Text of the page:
• Create spaces for businesses to have informal conversations with peers and subject matter experts. Businesses need a spectrum of resources. Webinars, online content and events are a good first step, but businesses may need more one-on-one consulting and peer learning opportunities to help navigate options. Support organizations can create spaces for businesses to converse and have honest conversations about important business challenges. This can take a variety of forms, but some examples include programs like CEO Next – an economic gardening program in the Twin Cities metro. Such models could be replicated and expanded to help businesses innovate and grow. 
  • Focus on solving core business problems first, with digital strategies being one potential tool in the toolbox. Several business leaders and resource providers explained that small businesses often seek assistance to solve a core functional issue (e.g. increase sales, improve financial reporting, etc.), and end up adopting a digital tool as one of several potential solutions at their disposal. 
  • Prioritize efforts to help businesses extract more value from their existing digital technologies. Many businesses already have adequate tools in place but would like to better utilize them through more advanced analytics, process automation and better integration across their IT tools and systems. 
  • Develop digital competencies within support organizations and partners. The quality of services provided by support organizations is only as good as the expertise and capabilities they bring to the table. Some business support organizations described that they have an internal focus to help their consultants/resource providers to gain greater digital literacy and expertise, so they can in turn provide greater value to their clients regarding digital strategies.  

For policymakers

  • Identify alternative solutions for businesses in areas without adequate access to reliable, high-speed internet. Expansion of high-speed internet continues to remain a top priority, particularly in more rural areas of the state. This may include alternative connectivity solutions, in addition to traditional broadband expansion.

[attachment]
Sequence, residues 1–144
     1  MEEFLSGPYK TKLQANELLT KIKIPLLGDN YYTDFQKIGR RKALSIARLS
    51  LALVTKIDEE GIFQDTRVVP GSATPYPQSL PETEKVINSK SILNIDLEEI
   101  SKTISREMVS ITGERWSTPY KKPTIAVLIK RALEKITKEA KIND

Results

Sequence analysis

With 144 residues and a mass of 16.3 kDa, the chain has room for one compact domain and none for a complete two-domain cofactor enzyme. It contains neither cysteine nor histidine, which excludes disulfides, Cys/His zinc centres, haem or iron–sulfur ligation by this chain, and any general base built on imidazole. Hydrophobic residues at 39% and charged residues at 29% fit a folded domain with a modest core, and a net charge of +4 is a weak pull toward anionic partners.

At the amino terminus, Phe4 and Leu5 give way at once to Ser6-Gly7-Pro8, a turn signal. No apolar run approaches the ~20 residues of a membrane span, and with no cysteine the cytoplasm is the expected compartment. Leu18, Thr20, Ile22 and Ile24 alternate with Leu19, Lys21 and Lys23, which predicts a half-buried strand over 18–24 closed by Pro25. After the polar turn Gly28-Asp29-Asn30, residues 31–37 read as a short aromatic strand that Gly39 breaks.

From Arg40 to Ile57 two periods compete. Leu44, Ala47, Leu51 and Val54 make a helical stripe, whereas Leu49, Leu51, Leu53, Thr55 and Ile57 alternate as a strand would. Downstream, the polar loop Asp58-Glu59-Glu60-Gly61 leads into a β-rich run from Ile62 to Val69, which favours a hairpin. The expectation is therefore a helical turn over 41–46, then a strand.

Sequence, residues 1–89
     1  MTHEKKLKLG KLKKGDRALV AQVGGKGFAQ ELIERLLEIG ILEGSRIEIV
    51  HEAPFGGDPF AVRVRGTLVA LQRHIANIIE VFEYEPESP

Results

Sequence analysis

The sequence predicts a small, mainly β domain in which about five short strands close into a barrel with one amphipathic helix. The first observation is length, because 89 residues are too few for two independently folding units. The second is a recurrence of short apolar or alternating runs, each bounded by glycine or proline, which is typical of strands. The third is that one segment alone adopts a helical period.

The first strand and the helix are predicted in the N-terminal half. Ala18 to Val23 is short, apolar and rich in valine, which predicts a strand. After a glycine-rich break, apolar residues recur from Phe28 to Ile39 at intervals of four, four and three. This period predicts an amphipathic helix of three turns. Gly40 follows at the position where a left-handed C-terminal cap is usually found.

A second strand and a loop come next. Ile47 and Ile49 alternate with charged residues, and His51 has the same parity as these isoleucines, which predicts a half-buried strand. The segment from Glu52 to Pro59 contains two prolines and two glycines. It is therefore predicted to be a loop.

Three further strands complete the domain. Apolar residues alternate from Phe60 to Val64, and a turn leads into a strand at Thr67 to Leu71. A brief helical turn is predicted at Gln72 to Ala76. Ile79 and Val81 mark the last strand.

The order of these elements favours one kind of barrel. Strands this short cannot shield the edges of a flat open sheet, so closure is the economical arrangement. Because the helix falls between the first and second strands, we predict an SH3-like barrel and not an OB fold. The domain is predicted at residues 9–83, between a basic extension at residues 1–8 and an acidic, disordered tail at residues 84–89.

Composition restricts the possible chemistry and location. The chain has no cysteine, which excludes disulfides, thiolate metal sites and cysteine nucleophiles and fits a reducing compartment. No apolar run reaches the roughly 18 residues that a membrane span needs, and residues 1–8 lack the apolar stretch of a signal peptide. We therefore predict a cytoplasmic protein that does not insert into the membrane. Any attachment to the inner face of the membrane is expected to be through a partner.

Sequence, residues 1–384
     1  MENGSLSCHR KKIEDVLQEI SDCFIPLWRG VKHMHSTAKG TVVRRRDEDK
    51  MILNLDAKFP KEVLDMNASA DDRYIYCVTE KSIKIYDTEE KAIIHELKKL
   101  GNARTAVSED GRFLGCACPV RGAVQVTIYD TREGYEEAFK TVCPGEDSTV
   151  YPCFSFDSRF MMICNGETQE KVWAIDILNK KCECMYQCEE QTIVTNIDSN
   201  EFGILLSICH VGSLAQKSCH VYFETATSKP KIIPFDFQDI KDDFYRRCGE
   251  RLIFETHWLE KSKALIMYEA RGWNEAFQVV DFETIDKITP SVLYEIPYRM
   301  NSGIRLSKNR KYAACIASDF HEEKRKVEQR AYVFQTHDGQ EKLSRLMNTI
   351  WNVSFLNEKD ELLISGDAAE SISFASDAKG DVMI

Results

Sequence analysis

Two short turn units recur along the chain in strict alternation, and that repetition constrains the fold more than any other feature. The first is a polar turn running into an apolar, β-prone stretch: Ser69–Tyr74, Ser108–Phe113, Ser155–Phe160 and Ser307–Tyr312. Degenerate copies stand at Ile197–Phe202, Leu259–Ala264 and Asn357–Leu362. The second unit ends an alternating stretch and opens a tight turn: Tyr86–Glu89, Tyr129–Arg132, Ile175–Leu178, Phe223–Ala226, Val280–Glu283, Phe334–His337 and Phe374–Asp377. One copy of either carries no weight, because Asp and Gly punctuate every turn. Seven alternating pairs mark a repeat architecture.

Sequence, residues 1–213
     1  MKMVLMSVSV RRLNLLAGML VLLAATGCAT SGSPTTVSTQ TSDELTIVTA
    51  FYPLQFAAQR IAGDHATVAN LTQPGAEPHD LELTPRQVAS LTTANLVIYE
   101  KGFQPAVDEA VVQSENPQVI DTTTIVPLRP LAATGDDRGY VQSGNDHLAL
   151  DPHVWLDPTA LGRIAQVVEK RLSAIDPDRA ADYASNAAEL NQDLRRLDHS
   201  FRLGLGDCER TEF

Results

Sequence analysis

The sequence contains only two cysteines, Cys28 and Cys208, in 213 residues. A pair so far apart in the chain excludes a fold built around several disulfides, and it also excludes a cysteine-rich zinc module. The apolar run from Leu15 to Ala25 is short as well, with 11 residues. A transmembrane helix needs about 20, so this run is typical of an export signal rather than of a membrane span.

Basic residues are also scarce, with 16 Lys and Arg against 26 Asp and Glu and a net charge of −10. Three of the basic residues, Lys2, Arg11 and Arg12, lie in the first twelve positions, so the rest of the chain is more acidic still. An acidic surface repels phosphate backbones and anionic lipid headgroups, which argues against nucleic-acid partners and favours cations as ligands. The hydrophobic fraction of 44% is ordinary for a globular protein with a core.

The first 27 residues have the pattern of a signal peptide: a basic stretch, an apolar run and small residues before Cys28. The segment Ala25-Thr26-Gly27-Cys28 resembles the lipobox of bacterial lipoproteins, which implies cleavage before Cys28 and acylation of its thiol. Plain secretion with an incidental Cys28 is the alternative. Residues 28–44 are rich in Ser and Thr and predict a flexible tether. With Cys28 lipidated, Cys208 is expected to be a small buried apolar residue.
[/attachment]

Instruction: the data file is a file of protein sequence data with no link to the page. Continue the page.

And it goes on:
• Research tax policy impact on business investments in digital technologies. Our findings revealed that many businesses invest in digital technology out of their cash flow rather than through financing tools. As such, tax policy can play a direct role in freeing up capital for asset-light investments such as digital technologies. Indeed, tax reductions and/or incentives was the second most common theme among SMBs when asked about policies or programs to help them compete in the digital economy. Improving Minnesota’s tax competitiveness and exploring innovative policy tools should be priorities to accelerate digitalization. 
  • Examine workforce training programs to better align with the realities of digital skillsets needed in the workplace. Workforce training programs and incentives are often tailored to help train workers on customized equipment or processes. Digital skills training, however, may be less customized or tied to a specific tool or set of equipment. Policymakers and economic developers should explore this further and identify training mechanisms that could accelerate digital skillsets in the workplace, from basic digital literacy to advanced skillsets such as programming and data analytics.   

Next Steps

Grow Minnesota! will continue to examine this issue in coming months and work with our partners to further develop resources for Minnesota businesses to compete and thrive in the digital economy. We have begun this work already, making the MN Supplier Match and Economic Development Resources page available at no cost to businesses. We included new tools to help companies connect with local technology firms and navigate existing free resources related to digital technology needs. Look for further resources and opportunities in the months to come.